Solar panels: a ray of hope as UK energy prices go through the roof
Demand is growing as more of us work from home. But does the £5,000 outlay for installation pay off?
With energy bills on their way up again from April, homeowners are looking skywards to try and ease the pressure on their budgets – by installing solar panels.
The latest change to the regulator’s cap on default tariffs means, from spring, that the average annual dual-fuel bill will go up to £1,971, an increase of 54% on current levels.
And with homeowners increasingly working from home, and therefore using more energy during the day, many are looking at installing panels to cut costs, and even earn from the energy they generate.
Thomas Newby, chief executive of Leeds-based renewable energy company egg, says they received the same number of inquiries in the first nine days of this month as they did in the whole of November.
“Many consumers are still on fixed deals but which will likely come to an end shortly, so I expect we may see a further increase in demand in the coming year,” he says.
What it costs
Solar panels convert energy from the sun into electricity. Stronger sunlight creates more electricity, which can then either be used in your home or exported to the national grid.
But installing them comes at a cost. The average bill reaches almost £5,000 and rising labor bills and shortages of photovoltaic panels mean prices are going up.
Domestic systems are generally made up of between 10 and 15 panels, each of which generates between 200W and 350W of energy, according to the Energy Saving Trust, a charity promoting energy efficiency. The more panels on the roof, the higher the installation cost but also the potential for more energy.
The average price for an installation of a 3.5kW system is £4,800, including labor. This tends to be about 12 panels.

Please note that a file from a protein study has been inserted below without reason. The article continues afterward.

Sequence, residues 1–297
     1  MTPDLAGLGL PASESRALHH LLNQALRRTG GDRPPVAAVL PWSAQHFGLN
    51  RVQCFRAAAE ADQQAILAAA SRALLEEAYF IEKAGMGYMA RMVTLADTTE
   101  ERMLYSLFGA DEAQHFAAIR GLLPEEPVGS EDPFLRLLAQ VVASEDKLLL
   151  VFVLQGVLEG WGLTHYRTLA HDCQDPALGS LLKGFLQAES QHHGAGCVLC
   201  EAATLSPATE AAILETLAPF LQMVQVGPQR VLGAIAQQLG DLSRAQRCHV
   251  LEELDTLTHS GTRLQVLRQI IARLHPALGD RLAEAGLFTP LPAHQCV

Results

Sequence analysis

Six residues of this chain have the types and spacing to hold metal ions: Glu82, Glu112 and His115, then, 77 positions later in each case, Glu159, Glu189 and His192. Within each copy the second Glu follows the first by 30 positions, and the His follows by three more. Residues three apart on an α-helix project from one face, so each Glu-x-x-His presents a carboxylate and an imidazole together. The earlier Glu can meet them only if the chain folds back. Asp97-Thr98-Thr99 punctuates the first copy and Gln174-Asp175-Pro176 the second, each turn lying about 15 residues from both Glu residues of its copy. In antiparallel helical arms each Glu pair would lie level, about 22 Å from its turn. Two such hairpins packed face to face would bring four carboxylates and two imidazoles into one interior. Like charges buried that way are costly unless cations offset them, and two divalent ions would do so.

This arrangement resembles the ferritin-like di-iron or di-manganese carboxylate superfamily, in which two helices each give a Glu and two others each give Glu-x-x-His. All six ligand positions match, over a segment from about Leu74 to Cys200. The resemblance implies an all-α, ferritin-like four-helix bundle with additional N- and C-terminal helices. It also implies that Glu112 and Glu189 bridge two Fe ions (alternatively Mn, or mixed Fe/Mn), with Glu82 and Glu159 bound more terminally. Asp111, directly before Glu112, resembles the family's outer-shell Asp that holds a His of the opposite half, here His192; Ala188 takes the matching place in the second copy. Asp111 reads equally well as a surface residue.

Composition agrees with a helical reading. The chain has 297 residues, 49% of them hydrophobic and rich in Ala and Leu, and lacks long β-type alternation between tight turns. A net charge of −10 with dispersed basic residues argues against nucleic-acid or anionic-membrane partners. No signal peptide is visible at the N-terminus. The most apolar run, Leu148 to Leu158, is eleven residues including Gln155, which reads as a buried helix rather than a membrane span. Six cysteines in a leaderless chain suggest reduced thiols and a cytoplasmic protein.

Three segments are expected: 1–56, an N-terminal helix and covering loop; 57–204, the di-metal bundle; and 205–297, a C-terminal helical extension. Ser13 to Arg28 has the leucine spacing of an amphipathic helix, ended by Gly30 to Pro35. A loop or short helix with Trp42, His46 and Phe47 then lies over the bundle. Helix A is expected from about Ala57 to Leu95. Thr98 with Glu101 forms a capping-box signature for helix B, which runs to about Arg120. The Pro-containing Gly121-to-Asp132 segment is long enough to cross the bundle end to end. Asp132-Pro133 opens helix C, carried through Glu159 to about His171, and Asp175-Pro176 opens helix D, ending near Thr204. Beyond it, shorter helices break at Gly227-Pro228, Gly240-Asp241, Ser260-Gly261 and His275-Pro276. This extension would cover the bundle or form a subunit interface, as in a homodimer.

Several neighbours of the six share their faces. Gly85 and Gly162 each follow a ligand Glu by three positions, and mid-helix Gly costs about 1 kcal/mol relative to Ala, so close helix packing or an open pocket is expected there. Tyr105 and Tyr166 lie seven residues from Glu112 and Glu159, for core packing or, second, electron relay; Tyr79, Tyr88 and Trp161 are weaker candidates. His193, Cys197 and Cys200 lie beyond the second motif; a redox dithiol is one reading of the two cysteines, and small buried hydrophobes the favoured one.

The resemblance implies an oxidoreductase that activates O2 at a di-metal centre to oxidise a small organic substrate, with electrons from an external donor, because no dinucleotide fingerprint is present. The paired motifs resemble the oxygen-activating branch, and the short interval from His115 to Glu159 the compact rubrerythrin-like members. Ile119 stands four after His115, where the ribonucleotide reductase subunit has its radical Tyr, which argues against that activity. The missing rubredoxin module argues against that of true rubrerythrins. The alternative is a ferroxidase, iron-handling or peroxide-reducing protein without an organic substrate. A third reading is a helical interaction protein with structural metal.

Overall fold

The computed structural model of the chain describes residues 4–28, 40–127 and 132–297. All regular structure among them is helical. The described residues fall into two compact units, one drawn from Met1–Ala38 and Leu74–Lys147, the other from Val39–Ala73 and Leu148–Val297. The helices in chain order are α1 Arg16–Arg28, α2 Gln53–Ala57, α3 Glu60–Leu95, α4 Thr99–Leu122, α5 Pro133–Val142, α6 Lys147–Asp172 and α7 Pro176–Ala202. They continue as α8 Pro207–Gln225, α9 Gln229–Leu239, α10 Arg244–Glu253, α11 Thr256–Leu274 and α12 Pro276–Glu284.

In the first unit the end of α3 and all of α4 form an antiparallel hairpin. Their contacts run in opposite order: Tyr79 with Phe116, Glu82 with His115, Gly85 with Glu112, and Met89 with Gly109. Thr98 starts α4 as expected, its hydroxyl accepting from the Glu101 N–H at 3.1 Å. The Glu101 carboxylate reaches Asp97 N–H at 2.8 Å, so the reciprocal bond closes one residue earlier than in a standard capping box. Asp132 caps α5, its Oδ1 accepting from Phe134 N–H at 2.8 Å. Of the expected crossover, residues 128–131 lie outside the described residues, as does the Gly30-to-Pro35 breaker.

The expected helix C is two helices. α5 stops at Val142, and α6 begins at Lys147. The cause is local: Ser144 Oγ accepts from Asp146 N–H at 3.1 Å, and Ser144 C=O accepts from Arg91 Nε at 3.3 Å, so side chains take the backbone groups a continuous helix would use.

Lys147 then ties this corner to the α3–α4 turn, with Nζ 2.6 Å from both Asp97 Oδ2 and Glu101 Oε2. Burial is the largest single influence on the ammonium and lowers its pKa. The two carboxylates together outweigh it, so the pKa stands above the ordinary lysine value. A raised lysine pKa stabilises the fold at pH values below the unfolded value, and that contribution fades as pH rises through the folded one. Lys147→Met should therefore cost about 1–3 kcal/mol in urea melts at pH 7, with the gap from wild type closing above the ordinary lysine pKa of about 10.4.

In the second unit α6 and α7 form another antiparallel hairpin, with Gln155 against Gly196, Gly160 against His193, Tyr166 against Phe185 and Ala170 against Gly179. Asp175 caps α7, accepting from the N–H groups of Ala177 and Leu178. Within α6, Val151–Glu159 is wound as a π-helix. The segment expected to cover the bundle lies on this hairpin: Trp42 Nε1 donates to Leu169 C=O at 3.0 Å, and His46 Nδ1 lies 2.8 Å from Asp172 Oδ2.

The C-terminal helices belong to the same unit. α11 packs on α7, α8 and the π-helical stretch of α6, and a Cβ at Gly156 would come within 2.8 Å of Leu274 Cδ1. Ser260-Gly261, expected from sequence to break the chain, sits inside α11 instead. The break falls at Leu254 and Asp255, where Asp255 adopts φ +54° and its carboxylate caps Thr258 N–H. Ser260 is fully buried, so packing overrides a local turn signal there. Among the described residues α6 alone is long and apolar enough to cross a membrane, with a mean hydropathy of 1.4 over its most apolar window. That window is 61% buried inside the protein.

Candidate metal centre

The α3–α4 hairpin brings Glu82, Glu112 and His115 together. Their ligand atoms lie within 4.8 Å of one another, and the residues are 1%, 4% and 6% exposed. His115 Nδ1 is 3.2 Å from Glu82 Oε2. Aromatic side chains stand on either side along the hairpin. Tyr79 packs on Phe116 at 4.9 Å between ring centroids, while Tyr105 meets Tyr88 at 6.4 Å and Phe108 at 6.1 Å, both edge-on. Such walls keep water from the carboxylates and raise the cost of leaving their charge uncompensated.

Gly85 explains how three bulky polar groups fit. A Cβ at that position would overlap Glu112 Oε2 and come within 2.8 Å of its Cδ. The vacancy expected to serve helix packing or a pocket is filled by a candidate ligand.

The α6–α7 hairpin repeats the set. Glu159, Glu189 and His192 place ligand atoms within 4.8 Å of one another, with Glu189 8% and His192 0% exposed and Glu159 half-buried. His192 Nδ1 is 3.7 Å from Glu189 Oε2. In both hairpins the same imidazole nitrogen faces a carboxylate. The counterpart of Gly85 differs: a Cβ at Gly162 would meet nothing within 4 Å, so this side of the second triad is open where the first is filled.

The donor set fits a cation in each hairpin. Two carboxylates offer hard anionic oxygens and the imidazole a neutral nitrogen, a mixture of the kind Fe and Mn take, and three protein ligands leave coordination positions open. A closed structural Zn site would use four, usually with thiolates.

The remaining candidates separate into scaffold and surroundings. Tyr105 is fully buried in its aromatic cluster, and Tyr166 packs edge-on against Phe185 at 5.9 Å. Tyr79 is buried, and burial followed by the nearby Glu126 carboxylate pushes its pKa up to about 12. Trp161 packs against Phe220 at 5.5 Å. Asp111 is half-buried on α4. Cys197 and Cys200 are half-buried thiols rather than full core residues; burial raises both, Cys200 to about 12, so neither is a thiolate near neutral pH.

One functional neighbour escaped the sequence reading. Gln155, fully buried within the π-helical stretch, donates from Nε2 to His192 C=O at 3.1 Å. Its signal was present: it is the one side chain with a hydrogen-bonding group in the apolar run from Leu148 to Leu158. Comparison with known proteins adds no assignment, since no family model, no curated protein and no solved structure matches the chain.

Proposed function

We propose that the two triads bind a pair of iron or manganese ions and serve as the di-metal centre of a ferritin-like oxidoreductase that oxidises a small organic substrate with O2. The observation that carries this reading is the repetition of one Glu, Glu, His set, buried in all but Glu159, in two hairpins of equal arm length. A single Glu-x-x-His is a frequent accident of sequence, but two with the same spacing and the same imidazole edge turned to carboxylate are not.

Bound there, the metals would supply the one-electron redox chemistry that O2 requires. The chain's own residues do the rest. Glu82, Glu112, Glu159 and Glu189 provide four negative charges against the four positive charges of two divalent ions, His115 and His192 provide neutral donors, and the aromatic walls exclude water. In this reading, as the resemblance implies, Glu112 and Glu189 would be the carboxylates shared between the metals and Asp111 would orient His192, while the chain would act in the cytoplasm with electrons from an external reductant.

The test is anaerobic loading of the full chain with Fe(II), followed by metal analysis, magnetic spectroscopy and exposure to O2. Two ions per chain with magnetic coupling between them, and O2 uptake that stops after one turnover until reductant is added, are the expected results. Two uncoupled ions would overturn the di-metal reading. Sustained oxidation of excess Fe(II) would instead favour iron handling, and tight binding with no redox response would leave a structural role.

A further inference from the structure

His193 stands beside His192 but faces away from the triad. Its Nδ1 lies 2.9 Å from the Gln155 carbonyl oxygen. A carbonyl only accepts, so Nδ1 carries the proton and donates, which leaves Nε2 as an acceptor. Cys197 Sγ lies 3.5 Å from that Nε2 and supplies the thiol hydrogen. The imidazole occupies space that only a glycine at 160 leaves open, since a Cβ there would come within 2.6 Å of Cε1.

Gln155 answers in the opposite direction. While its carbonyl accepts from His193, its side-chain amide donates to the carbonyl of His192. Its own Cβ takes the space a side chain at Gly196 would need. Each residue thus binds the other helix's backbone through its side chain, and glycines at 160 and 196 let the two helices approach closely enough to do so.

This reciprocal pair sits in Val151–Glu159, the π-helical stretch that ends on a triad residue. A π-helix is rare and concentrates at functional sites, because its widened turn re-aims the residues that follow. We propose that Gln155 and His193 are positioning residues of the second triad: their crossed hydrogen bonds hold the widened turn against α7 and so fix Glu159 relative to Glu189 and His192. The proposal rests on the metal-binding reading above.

“This is the average size for domestic systems in the UK,” says Brian Horne, senior insight and analytics consultant at the Energy Saving Trust. “The amount you pay for installation will be influenced by the size of the system, and will also be affected by any difficulty with access to your roof.”
This price does not include the cost of a battery, which allows solar energy to be stored for use at a later time. They range between £1,200 and £6,000, according to GreenMatch, which compares green energy products.
Although prices for solar systems have come down over the last decade, the increased cost of labor as well as the shortage in panels from China recently, has sent costs on the way back up, says Newby. “That’s as a result of some increase in material prices but, more generally, it is labor. That’s a big part of the job.”
Planning and permissions
The ideal roof for solar panels is south-facing. East- or west-facing roofs yield up to 20% less energy; north-facing ones are the least productive and deemed to be impractical in the UK.
For a 3.5kW system, you need room for 15 to 20 sq meters of panels. The best results will be achieved from a roof angled at 30 degrees. Most UK roofs are between 30 and 45 degrees, according to consumer group Which?.
Solar panels are classed as permitted developments so in most cases will not require planning permission. However, if you live in a listed building or a conservation area, there may be restrictions. It is best to contact your local council to be absolutely clear.
When solar panels are to be installed, the company which brings electricity to your home – the Distribution Network Operator (DNO) – must be informed. The Energy Networks Association has an online tool that, by entering your postcode, will tell you which company operates in your area.
If a solar system is above a certain size, prior permission is needed from the DNO and can take up to three months to obtain, according to Newby. After the preparation for putting the system in place is complete, installing the panels can take one to two days.